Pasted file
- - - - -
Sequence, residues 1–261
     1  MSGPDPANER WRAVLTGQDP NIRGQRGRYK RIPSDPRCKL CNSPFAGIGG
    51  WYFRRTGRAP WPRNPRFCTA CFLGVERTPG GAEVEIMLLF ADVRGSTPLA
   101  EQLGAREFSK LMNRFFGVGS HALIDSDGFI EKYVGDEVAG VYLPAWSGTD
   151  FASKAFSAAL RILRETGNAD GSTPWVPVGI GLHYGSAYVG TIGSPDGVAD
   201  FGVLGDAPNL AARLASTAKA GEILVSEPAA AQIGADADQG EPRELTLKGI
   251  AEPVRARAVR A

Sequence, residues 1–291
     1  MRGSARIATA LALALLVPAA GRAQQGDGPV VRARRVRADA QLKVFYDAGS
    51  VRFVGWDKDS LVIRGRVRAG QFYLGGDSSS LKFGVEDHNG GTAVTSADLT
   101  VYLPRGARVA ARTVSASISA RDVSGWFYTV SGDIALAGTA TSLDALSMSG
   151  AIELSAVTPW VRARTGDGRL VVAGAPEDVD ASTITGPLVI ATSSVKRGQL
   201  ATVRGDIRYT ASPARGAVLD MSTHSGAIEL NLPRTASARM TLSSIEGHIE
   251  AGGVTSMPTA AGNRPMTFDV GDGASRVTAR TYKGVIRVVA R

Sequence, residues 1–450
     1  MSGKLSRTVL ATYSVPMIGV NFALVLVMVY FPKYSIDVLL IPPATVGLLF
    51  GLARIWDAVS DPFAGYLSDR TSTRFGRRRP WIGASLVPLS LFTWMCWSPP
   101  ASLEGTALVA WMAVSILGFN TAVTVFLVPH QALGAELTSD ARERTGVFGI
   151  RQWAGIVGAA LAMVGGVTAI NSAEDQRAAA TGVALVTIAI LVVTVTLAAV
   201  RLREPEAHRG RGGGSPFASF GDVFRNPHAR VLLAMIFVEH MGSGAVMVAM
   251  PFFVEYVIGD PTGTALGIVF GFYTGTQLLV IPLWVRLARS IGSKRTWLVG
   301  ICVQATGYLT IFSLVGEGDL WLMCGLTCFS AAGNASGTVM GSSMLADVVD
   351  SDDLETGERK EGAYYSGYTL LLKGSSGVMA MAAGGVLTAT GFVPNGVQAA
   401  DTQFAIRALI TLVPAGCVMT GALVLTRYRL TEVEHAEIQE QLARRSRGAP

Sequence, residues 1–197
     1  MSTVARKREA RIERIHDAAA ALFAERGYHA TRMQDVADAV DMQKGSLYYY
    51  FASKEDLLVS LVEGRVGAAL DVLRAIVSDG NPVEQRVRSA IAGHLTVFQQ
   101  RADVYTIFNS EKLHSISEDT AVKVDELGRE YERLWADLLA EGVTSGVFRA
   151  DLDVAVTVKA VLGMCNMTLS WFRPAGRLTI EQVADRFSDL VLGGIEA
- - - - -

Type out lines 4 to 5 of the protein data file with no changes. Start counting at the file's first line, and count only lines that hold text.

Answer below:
   101  EQLGAREFSK LMNRFFGVGS HALIDSDGFI EKYVGDEVAG VYLPAWSGTD
   151  FASKAFSAAL RILRETGNAD GSTPWVPVGI GLHYGSAYVG TIGSPDGVAD